Days after the Kurdish Region of Iraq held a controversial independence referendum, Baghdad sent army and militia units to attack Kurdish positions in and around Kirkuk in the disputed territories. Such swift, aggressive action demonstrated Prime Minister Haider al-Abadi’s insistence that Iraqi Kurds will remain a part of his country, by whatever means necessary. Now, we are seeing the first repercussions: Long-time Kurdish Region President Masoud Barzani, who pushed for the referendum, resigned on October 29, sparking riots in the Kurdish capital of Erbil and other Kurdish cities, and launching new recriminations among Kurds and between Arabs and Kurds.For America, the short, sharp fighting in northern Iraq has revealed a brutal truth: Its dream of a democratic and federal, united Iraq is over. Ironically, that dream dies just as the Americans and their allies are winning major battlefield victories against the Islamic State in Syria and Iraq. Raqqa, the capital of ISIS, fell to a U.S.-sponsored battlefield coalition of Syrian Arabs and Kurds. U.S.-backed Iraqi forces, meanwhile, captured Hawija, one of the last ISIS strongholds in the country. But as the fighting shows in Iraq and foreshadows in Syria, Washington never had a political plan to deal with the underlying ethnic and sectarian contests for power that originally gave birth to ISIS.
At this point, the US appears to be used to being engaged in overseas wars without permission, particularly in places like Syria, and having already declared their presence in Iraq to be permanently, officials figure they’re going to just pretend it’s legal.
Those are the major stories that the MSM overlooked….I could write the people that died Iraq over the past week……okay I will……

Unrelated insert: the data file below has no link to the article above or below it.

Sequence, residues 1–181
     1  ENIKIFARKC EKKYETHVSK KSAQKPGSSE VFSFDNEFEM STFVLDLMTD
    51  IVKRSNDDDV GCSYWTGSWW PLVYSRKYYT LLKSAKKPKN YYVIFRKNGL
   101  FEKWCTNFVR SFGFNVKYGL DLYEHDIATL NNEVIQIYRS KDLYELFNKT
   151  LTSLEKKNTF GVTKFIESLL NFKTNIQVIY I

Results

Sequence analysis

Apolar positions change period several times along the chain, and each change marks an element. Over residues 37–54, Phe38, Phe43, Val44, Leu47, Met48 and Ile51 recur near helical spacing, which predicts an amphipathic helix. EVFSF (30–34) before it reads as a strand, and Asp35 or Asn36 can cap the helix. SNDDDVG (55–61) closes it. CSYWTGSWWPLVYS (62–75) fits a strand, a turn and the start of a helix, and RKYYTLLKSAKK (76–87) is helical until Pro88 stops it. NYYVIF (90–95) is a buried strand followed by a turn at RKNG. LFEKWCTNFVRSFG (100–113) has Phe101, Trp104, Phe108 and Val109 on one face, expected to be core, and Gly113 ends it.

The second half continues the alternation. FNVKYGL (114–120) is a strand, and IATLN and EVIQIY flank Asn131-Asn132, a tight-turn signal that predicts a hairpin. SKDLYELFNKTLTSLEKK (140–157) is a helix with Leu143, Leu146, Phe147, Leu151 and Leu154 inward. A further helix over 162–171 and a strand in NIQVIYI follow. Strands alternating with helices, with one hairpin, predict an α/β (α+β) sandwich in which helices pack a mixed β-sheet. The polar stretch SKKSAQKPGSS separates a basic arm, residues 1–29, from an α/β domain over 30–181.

Antiwar.com found that at least 1,649 people were killed and 647 were wounded in violent activity during October. This is considerably fewer than in September, when at least 3,129 people were killed; only 496 were wounded.
The breakdown is as follows: At least 374 civilians were killed, and 300 were wounded. Among Iraqi and Kurdish servicemembers, at least 296 were killed, and 345 were wounded. One U.S. servicemember was killed, and another was wounded. Also, two Turkish servicemembers were killed, and three were wounded. At least 20 members of the Kurdistan Workers Party (P.K.K.) were also killed. Finally, at least 979 Islamic State militants were reported killed, but only two were wounded. Some of the dead were found in mass graves.
Could Iraq be close to the end of 40 years of war? Good questioon and here is a Libertarian lean to the answer…..
There is a growing mood of self-confidence in Baghdad which I have not seen here since I first visited Iraq in 1977. The country seemed then to be heading for a peaceful and prosperous future thanks to rising oil revenues. It only became clear several years later that Saddam Hussein was a monster of cruelty with a disastrous tendency to start unwinnable wars. At the time, I was able to drive safely all around Iraq, visiting cities from Mosul to Basra which became lethally dangerous over the next 40 years.
The streets of the capital are packed with people shopping and eating in restaurants far into the night. Looking out my hotel window, I can see people for the first time in many years building things which are not military fortifications. There are no sinister smudges of black smoke on the horizon marking where bombs have gone off. Most importantly, there is a popular feeling that the twin victories of the Iraqi security forces in recapturing Mosul in July and Kirkuk on 16 October have permanently shifted the balance of power back towards stability. The Prime Minister Haider al-Abadi, once criticised as weak and vacillating, is today almost universally praised for being calm, determined and successful in battling Isis and confronting the Kurds.
Anything is possible in the Middle East but I think that there is still some animosities in Iraq that need working out before we can say there is an end to war in the country.
That was a lot to read….but if you want to know what is happening around our troops then it is worth the time it took to read this post.